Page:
Without the plugin, you will download an .ica file but Outlook 2010 will not open until you click it.  Chrome does have the option (the arrow on the downloaded file) to “Always open files of this type” as shown in CTX136578.


Brian Olsen @sagelikebrian

vGPU, vSGA, vDGA, software – Why do I care?

I want to take a moment and talk for a second about an oft mentioned but little understood new feature of vSphere 6.  Specifically NVIDIA’s vGPU technology.

First, we need to know that vGPU is a feature of vSphere Enterprise Plus edition; which means it’s also included in vSphere for Desktops.  But if this sounds like something you need and you’re running Standard or Enterprise, now might be a good time think about upgrading, and taking advantage of the trade up promotions.

Many folks think “I don’t need 3D for my environment.  We only run office.”  If that’s you, then please take a good close look at what your physical desktop’s GPU is doing while you run office 2013; especially PowerPoint.  Nearly every device sold since ~1992 has had some form of hardware based graphics acceleration.  No so your VM’s.   Software expects this.  Your users will demand it.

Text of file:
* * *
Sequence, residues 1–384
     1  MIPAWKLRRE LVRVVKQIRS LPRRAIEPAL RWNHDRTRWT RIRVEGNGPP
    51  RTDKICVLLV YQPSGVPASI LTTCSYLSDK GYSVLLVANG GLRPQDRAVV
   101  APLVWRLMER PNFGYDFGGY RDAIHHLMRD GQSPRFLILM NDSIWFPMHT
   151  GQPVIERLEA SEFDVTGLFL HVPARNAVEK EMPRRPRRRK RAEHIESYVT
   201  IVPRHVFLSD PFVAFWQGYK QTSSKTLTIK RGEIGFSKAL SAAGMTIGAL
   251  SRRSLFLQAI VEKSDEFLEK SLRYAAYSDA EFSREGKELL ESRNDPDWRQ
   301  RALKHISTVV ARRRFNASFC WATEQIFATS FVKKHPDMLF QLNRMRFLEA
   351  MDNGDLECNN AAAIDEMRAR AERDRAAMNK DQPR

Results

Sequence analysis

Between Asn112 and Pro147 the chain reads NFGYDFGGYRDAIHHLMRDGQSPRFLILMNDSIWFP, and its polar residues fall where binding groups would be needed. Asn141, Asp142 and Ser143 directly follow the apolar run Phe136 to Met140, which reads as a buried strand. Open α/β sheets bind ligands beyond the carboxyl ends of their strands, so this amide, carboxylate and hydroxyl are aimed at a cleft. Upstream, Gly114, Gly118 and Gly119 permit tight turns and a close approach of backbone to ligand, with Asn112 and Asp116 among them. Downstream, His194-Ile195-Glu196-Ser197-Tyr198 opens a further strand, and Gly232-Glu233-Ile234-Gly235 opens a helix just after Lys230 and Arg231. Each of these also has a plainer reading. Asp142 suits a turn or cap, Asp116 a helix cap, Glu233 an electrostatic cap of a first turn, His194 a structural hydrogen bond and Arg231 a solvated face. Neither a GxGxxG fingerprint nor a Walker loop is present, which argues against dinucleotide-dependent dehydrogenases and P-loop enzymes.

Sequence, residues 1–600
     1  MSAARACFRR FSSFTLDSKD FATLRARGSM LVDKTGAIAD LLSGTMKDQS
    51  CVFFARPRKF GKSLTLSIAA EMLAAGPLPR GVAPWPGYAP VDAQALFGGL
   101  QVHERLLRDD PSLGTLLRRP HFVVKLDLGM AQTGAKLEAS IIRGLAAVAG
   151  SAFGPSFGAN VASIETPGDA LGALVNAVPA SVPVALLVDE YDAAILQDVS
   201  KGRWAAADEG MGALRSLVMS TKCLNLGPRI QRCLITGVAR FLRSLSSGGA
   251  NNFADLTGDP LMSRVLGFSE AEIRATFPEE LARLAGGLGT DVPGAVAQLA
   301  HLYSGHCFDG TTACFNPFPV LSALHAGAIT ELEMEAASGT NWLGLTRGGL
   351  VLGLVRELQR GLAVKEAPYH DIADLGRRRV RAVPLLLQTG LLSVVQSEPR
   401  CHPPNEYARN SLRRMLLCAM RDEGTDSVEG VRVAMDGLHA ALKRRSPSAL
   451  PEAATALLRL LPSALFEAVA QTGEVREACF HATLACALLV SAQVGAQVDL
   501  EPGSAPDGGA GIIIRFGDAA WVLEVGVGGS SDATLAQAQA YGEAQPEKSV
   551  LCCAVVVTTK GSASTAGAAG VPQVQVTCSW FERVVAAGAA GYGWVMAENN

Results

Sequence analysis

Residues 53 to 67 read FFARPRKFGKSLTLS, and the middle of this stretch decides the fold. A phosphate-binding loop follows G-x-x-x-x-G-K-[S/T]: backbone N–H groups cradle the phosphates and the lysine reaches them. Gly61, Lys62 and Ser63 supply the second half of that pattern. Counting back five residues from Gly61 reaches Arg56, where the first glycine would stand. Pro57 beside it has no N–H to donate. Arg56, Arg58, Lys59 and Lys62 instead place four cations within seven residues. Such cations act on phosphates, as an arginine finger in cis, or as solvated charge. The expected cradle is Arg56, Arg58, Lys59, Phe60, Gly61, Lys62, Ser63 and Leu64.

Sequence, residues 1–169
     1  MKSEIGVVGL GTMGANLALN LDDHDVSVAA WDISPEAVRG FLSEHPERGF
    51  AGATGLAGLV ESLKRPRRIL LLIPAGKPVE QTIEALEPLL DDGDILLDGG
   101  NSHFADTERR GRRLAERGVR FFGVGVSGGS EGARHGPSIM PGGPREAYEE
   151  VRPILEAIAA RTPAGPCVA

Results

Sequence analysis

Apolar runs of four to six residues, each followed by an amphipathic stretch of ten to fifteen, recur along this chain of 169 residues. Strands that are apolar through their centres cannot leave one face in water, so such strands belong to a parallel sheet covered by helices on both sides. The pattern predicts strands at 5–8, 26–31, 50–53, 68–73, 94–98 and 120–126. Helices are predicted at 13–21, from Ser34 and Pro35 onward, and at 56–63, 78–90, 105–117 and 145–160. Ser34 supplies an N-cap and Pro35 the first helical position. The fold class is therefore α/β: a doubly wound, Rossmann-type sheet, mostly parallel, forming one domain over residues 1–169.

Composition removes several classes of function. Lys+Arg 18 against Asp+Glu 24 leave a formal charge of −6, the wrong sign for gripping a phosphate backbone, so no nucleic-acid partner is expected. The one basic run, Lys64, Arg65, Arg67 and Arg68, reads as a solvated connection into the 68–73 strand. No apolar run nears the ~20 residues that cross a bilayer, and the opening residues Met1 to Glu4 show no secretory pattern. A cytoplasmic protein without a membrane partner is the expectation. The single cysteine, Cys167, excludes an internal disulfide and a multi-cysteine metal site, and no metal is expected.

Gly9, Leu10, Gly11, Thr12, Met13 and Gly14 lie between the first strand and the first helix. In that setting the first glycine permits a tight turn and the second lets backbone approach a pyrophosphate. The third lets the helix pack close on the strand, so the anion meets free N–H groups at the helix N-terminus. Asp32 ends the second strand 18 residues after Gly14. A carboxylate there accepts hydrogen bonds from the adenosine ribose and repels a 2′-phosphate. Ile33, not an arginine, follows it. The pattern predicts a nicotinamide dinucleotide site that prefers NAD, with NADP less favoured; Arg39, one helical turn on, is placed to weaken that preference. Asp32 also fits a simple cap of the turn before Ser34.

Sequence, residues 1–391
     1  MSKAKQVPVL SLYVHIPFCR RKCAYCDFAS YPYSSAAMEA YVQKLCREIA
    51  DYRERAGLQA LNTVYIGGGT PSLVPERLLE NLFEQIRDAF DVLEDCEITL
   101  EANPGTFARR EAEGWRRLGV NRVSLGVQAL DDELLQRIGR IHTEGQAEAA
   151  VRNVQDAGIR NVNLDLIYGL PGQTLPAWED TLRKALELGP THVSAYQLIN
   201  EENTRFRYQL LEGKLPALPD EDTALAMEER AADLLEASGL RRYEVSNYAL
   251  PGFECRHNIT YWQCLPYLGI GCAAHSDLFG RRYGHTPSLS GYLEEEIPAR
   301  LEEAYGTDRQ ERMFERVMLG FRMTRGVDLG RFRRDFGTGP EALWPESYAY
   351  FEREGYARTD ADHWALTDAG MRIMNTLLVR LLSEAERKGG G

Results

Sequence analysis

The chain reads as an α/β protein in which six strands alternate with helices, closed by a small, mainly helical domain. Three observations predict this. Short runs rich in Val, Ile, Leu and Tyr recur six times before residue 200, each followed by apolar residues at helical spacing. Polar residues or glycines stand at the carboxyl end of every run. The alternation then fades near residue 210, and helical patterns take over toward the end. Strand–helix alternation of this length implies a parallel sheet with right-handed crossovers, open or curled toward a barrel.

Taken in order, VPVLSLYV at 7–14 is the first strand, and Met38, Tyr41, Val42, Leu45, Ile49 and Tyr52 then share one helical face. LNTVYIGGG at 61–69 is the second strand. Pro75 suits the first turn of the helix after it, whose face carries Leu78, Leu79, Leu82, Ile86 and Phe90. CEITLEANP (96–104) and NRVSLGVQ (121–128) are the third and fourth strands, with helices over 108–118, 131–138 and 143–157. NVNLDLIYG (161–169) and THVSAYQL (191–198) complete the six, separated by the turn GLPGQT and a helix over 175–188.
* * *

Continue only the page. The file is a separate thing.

With that, let’s talk about what we’ve had for a while as relates to 3D with vSphere.  Understand you can take advantage of these features regardless of what form of Desktop or Application virtualization you choose to deploy because it’s a feature of the virtual machine.

No 3D Support – I mention this because it is an option.  You can configure a VM where 3D support is disabled.  Here an application that needs 3D either has to provide it’s own software rendering, or it will simply error out.  If you know your App doesn’t use any 3D rendering at all this is an option to ensure that no CPU time or memory is taken up trying to provide the support.  No vSphere drivers are required.

Software 3D – Ok, here we recognize that DirectX and OpenGL are part of the stack and that some applications are going to use them.  VMware builds support into their VGA driver (part of VMware Tools) that can render a subset of the API’s (DX9, OpenGL 1.2) in software, using the VM’s CPU.  This works for a set of apps that need a little 3D to run, and we aren’t concerned about the system CPU doing the work.  No hardware ties here as long as you can live with the limited API support and performance. No vSphere drivers are required.  No particular limits on how many VM’s can do this beyond running out of CPU.